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Thread: WEST VIRGINIA LAW: Bounty Hunter-Enforcer

  1. #1
    Anthony Bridgestone's Avatar
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    [b]All "bail bond enforcers" must register with the West Virginia state police.

    That registration must:

    (1) identify at least one bond agent for whom the enforcer is authorized to act,

    (2) include written authorization from that bonding agent,

    (3) include the enforcer's certified fingerprints, and

    (4) include one photograph.

    To register, an enforcer must be at least 21 years old, a citizen of the U.S., and have no felony convictions.

    A bonding agent can grant an ongoing 2-year authorization to an enforcer who is a West Virginia citizen to seek all defendants for whom the bonding agent acts as surety. The bonding agent otherwise can grant a 60 day authorization to an enforcer, in which case the enforcer must notify the state police of the time and place of any proposed action, and if the enforcer is not a state resident, he also must notify the police the date he will enter the state.

    Out of state bounty hunters must abide by the same requirements of in-state (including written authorization from in-state bonding agent).

    An enforcer is to be considered the legal agent of the bonding agent.

    An enforcer cannot:

    (1) enter an occupied residential structure (i.e., a house or apartment) without the consent of the occupants who are then present,

    (2) arrest a defendant without written authorization from the bondsman,

    (3) wear or carry any uniform or badge that implies that the enforcer is a state agent or employee (but "may display identification that indicates his or her status as a bail bond enforcer only"), and

    (4) must exercise due care to protect the safety of third parties. H.B. 4481 (Enacted April 4, 2000).

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  2. #2
    Jonathan Sherman -'s Avatar
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    Re: WEST VIRGINIA LAW: Bounty Hunter-Enforcer

    Thanks for the information. Very helpful.

  3. #3
    Join Date
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    Martindale Eastern Cape, South Africa
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    Re: WEST VIRGINIA LAW: Bounty Hunter-Enforcer

    From Internet Resource:
    A Bounty Hunter in West Virginia is officially known as a “Bail Bond Enforcer.” They do have the authority to make arrests, but may not enter an occupied residential structure without consent of the individuals residing within. They must also ensure the safety of individuals other than the defendant when making an arrest and may not wear anything identifying them as in any way affiliated with local or federal government or law enforcement. Clearly, state law puts the safety of innocent bystanders at a premium. Furthermore, they may only make arrests with written authorization from a licensed bail bondsman. Thus, it is imperative to have a god relationship with a bail bond agency to work as a Fugitive Recovery Agent in the state.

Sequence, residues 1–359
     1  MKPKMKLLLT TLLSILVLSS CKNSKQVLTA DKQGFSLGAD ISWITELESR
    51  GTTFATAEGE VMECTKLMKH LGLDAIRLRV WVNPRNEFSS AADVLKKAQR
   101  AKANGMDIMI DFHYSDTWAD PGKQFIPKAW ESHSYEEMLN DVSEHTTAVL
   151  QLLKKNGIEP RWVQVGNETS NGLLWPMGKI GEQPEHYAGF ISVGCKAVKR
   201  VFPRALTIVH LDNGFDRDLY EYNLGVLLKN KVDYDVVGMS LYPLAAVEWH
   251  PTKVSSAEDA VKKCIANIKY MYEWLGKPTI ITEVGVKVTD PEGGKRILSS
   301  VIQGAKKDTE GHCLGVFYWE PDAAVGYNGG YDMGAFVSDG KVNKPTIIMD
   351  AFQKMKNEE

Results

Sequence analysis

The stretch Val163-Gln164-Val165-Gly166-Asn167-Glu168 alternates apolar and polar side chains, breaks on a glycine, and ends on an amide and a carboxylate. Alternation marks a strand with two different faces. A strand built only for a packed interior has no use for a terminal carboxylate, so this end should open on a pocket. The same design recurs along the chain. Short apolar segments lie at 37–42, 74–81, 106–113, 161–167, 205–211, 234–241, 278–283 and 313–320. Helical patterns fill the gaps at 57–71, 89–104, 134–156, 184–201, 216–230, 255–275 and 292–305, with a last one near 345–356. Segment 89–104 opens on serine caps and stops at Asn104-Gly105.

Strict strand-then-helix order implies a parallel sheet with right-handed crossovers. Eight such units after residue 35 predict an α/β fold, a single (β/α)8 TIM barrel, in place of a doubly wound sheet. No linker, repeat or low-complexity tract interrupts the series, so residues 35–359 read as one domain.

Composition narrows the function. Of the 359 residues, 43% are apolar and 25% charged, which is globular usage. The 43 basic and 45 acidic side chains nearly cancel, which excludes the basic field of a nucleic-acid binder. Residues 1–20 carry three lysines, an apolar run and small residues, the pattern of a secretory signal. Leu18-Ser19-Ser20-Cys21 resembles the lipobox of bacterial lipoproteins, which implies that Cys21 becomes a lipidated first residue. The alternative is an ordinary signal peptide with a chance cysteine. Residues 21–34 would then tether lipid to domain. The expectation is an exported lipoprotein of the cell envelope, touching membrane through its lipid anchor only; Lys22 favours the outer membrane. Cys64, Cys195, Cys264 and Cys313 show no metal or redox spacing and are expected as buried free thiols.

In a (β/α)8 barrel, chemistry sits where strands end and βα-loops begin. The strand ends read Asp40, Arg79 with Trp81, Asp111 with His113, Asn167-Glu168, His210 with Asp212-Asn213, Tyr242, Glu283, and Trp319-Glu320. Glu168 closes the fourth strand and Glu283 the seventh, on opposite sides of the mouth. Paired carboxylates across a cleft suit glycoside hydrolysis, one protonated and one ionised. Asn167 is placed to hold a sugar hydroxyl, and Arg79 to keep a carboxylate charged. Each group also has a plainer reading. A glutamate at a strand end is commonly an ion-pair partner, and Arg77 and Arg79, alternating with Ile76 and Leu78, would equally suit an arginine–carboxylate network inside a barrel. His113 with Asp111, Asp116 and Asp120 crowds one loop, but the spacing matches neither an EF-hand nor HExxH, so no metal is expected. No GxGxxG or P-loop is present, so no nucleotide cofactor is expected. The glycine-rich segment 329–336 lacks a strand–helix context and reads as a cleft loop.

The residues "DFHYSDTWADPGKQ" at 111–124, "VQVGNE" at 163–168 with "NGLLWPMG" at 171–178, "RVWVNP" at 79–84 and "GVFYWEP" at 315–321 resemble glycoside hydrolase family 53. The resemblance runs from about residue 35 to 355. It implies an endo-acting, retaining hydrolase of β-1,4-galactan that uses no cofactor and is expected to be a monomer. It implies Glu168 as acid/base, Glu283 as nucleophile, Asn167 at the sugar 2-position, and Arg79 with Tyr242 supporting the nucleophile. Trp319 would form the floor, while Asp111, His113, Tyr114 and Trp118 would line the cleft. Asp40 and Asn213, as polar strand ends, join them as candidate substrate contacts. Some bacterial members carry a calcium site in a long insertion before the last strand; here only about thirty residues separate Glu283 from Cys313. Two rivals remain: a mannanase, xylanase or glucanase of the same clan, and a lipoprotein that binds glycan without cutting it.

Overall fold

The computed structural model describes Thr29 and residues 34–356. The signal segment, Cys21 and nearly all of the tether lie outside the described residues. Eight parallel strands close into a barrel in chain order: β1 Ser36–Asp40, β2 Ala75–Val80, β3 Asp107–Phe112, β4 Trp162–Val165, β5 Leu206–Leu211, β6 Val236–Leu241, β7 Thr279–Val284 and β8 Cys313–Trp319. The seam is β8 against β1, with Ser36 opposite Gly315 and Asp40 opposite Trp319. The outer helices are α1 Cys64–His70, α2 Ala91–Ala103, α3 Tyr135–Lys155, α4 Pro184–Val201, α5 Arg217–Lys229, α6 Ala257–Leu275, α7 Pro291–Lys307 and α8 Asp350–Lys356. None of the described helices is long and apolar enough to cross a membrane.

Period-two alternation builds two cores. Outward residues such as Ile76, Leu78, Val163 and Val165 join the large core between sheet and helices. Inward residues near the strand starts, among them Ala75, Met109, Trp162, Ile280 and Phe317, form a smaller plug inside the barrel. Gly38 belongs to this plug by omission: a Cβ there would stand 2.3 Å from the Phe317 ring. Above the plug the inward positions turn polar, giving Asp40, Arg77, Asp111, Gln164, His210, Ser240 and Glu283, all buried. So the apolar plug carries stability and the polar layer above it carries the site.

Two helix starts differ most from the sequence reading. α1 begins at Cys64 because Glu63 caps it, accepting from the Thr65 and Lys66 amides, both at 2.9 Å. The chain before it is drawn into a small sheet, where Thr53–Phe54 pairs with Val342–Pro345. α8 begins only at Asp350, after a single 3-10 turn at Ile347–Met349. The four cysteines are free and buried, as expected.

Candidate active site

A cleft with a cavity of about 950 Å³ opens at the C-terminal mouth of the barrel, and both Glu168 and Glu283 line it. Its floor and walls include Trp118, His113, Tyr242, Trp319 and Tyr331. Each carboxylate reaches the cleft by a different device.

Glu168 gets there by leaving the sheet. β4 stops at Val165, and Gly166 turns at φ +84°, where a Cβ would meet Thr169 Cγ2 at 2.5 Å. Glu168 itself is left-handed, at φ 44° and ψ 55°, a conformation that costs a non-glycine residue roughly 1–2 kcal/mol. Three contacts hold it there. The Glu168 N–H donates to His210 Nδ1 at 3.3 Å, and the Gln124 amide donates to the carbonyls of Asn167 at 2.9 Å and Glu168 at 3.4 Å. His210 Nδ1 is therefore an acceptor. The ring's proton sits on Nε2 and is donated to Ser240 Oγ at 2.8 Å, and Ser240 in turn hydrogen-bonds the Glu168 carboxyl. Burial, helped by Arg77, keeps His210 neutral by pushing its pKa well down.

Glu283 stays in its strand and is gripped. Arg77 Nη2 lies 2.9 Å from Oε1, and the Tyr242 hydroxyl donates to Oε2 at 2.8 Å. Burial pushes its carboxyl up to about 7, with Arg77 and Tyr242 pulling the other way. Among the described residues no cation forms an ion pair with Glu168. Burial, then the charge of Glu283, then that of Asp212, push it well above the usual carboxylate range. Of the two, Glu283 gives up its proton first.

How to Become a Bounty Hunter in West Virginia

    Because Bounty Hunters need authorization to make arrests in West Virginia, they must be employed by a licensed bail bondsman. In order to find employment it is wise to first specify a county in which you wish to work and seek out bonding agencies within that county. Then, to prove that you are prepared to safely and effectively skip trace fugitives, education in state bond laws and training in safe and effective skip tracing and fugitive apprehension techniques, as well as firearms training, are highly recommended. Only once any or all of the agencies that you wish to work for have provided written endorsement can you register as a Bail Bond Enforcer in West Virginia.

    West Virginia Bounty Hunter License and Requirements

    No license is required to work as a Bounty Hunter in West Virginia. However, Fugitive Recovery Agents must register with the West Virginia State police, procedures for which are available from the West Virginia Secretary of State. This registration must be accompanied by designation from at least one bond agent for whom you will be working, a set of fingerprints, and a full face photograph. In addition, one must prove that they are at least 21 years old, a US citizen or legal resident, and never convicted of a felony, as well as authorization from any agency for which the Fugitive Recovery Agent will work. Keep in mind that the superintendent of the State Police may also require “interrogations or examinations” to prove that you are qualified to act in a way that does not endanger the public. Training and education can easily prove your knowledge and capabilities as a Bounty Hunter and ensure that you are able to register with no trouble.

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